In your final year, you’ll work creatively and
practically, devising or commissioning a publishing proposal and
carrying it through to publication, creating and editing content,
and identifying all stages of a small-scale project across a variety of
publishing platforms. You’ll study publishing as a business operating in an
international marketplace and, in partnership with the University
Press, learn to engage effectively with the different stages of the
publishing process from the initial idea for a new book to the final print or
digital product. The result will be an excellent showcase of
your publishing skills for a future employer.
ENGL601 Project in Critical Writing
The student will complete, under tutorial supervision, a project in critical writing in the form of a literary - critical dissertation based on an idea, theme, author/s, theoretical consideration etc: or a dissertation which arises from literary - critical interests connected to issues arising from the student's work in other English modules. Maximum length 12,000 words.
ENGL602 Project in Creative Writing
The student will complete, under tutorial supervision, a project in creative writing such as a collection of poetry, short stories, a longer piece of prose fiction, autobiography, travel writing or other suitable modes which may draw upon issues encountered in other English modules and which includes relevant literary-critical material. Maximum length 12,000 words.
ENGL608 American Crime Writing
This module considers the development of twentieth-century American crime fiction from hard-boiled detectives, to myths of the mafia, and postmodern reinventions of the genre. This module will explore the cultural contexts of American crime writing, prevailing conventions of the genre, as well as challenges to those conventions.
ENGL610 Reading Jane Austen - then and now
This module explores the cultural politics of Jane Austen's novels and of reading her work, both at the time it was written and now. Attending to social and historical contexts, the course selects some of Austen's major works, together with a selection of early and minor material and work by her contemporaries, to consider how we can read Austen as a novelist, as a political writer, and as a writer of `romance'.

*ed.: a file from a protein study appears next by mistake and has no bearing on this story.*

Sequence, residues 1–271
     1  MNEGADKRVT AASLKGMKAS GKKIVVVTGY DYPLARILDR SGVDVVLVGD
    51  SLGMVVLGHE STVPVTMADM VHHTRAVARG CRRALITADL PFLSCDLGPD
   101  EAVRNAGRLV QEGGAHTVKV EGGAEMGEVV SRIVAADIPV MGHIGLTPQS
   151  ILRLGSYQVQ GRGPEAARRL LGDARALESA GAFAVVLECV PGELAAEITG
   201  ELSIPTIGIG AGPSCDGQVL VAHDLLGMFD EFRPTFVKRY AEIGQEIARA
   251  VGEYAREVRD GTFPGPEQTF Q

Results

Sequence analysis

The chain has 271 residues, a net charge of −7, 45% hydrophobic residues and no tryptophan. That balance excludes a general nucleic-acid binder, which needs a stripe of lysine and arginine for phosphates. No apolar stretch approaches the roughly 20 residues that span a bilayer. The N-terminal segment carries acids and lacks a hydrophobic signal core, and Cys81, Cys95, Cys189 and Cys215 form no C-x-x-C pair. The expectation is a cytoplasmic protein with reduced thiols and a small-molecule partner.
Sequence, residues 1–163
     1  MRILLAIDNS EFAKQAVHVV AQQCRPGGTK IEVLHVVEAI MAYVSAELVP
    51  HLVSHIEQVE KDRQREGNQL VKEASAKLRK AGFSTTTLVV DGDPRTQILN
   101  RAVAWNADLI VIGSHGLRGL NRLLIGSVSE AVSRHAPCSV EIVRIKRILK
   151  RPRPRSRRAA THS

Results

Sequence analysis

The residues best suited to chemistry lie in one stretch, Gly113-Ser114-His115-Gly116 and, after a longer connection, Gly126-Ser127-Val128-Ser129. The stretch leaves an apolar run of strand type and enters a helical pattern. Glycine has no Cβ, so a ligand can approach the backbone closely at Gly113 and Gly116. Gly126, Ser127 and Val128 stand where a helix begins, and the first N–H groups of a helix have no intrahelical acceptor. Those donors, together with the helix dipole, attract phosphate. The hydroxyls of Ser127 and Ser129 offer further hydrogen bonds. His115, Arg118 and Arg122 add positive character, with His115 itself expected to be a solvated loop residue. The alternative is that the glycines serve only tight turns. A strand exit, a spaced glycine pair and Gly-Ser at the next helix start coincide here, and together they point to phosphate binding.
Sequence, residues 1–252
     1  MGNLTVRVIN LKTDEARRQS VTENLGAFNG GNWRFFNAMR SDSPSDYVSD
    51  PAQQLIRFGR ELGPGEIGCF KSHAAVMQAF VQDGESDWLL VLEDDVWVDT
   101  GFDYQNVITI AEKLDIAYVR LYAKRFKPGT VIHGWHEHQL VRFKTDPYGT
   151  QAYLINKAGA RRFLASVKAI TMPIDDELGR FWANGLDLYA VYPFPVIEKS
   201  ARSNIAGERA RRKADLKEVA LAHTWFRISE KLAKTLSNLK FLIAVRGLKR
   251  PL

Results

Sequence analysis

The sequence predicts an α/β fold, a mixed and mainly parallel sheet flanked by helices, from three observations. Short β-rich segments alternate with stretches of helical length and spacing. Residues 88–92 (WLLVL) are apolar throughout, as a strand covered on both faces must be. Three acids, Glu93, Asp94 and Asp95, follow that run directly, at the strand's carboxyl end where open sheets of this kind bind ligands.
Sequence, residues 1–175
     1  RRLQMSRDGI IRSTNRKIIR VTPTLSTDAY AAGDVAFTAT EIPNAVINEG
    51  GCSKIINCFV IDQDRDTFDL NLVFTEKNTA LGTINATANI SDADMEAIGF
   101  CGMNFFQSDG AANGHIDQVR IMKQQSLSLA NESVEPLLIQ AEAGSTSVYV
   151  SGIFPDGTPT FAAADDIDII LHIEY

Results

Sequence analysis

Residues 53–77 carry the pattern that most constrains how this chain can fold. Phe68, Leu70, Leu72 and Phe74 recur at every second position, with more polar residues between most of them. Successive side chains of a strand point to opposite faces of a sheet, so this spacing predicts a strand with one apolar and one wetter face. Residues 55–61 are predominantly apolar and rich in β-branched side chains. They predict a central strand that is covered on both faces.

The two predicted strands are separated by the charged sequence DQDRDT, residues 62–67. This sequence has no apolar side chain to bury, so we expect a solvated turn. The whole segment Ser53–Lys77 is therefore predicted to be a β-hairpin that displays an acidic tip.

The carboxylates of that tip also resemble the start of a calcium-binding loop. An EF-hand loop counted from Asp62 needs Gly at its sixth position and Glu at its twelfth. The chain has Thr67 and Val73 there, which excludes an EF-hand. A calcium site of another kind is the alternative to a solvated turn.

ENGL617 Advanced Poetry Workshop
In this final year module we will examine a range of contemporary poetry and poetic theory as a way for students to advance their own composition of poems. Class time will be divided between seminar discussions of published poetry/theory, writing exercises, and workshops of student poetry.
ENGL618 Features Journalism Workshop
This module offers students an in-depth experience of professional writing. We will explore technique in features and literary journalism; music reviews, opinion columns and longer immersion features as well as other contemporary works of non-fiction feature writing, both short- and long-form, from sub-genres including profiles and interviews, autobiography and columns, travel writing, and reportage. We will learn to research and produce our own works of professional nonfiction and critically evaluate them.
ENGL621 Black Atlantic Literature and Culture: Race, Resistance, and Revolution
This module explores a range of black writing and cultural formations in transatlantic contexts. Adopting the critical paradigm of the 'Black Atlantic', the module investigates literary and cultural exchanges between Africa, Europe, North America and the Caribbean. It explores questions of identity formation, resistance, national memory, and knowledge hierarchies by examining different literary forms and cultural productions, ranging from nineteenth-century abolitionist texts through to contemporary fiction and memoir. In addition to introducing texts from various locations and time periods of the Black Atlantic, the module will also engage with theoretical perspectives concerning race, memory and nationhood, as well as recent critical work centred on decoloniality in relation to literary studies.
ENGL622 Brave New Worlds: Sci-Fi, Fantasy and Politics
Science Fiction seems to be a field or mode that is particularly difficult to define, in part because it crosses over with many other forms. But it is also one of the most popular types of literature easily ranging from the highbrow to the low. This module will explore SF writing since 1960, with a particular focus on the hybridity of the field and the ways in which it intersects with fantasy writing, to explore a range of political issues in the contemporary world. SF is ‘a wide-ranging, multivalent and endlessly cross-fertilizing cultural idiom.’ (Roberts, 2006, 2) But is it really concerned with the future, or in fact, driven by nostalgia to engage with the ways in which the past has constructed the present? The module will be thematically structured and will concentrate on Anglophone writing.